مقابله با سختی : مدیریت اقتصاد کلان بلایای طبیعی
|کد مقاله||سال انتشار||مقاله انگلیسی||ترجمه فارسی||تعداد کلمات|
|5981||2013||13 صفحه PDF||سفارش دهید||11310 کلمه|
Publisher : Elsevier - Science Direct (الزویر - ساینس دایرکت)
Journal : Environmental Science & Policy, Volume 27, Supplement 1, March 2013, Pages S99–S111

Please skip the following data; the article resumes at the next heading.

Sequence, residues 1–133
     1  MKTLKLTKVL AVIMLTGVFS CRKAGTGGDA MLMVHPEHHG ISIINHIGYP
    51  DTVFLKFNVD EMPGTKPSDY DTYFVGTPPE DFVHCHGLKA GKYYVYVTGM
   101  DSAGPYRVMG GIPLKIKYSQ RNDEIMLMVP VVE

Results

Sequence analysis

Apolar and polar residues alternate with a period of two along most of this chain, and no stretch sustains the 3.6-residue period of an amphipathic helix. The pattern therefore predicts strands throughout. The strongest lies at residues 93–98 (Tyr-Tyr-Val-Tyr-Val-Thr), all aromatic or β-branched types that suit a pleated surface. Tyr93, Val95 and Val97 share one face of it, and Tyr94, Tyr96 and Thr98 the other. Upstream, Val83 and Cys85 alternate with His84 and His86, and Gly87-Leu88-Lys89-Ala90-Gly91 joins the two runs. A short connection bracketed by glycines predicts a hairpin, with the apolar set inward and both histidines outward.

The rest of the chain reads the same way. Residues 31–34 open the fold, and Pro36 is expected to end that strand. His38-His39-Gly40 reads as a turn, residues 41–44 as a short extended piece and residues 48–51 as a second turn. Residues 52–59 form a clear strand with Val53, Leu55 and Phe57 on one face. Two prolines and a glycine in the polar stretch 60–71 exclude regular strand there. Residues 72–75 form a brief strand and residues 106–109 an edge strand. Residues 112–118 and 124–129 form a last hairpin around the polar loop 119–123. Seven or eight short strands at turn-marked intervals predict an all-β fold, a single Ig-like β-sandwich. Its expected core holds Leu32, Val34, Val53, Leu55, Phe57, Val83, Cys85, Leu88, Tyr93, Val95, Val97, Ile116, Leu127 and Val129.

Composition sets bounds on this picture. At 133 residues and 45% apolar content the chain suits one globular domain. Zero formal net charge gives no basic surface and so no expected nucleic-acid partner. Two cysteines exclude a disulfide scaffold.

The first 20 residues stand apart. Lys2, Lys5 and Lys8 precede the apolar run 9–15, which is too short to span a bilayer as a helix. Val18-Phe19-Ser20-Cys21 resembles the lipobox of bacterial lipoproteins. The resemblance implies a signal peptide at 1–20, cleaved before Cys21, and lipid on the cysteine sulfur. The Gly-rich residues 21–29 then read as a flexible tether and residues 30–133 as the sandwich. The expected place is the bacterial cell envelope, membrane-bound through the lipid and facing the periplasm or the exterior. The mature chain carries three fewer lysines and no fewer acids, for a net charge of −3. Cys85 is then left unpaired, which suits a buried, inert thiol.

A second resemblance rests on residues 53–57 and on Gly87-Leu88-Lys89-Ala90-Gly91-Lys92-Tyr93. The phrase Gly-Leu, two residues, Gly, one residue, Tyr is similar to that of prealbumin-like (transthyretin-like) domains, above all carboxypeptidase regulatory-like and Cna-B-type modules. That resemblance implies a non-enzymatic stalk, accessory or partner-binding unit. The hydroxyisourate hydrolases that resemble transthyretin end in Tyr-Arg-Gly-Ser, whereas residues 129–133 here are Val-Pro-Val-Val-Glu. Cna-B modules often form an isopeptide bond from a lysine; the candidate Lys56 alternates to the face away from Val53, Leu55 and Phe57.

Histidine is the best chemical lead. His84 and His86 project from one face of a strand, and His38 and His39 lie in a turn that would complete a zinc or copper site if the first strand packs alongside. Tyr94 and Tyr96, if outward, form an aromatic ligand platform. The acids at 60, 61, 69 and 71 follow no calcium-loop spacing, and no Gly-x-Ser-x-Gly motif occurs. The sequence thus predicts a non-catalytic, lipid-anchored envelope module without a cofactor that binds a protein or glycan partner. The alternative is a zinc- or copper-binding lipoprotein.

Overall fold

Although the scientific evidence on whether natural disasters are becoming more frequent and more violent remains disputed, there is much less disagreement that the economic damage they inflict, in terms of the lost output and the forced migration this promotes, is large and rising. Using macroeconomic policy measures to mitigate these costs is therefore an increasingly important task in disasters-prone economies. The fundamental objective of post-disaster macroeconomic policy is to set key policy levers to return the economy to its pre-disaster path as quickly as possible without generating undue distortions elsewhere in the economy. We do not yet have a comprehensive and robust evaluation of the efficacy of macroeconomic policy responses to extreme events around the world. In the absence of such evidence, this paper draws on basic principles of macroeconomic management and evidence of best-practice experiences from the management of ‘conventional’ trade shocks, to outline key elements of a normative framework for the efficient macroeconomic response to devastating natural disasters. Given the relative scale of extreme events to the size of their economies and given their underlying vulnerability, these lessons are primarily of relevance to low-income countries.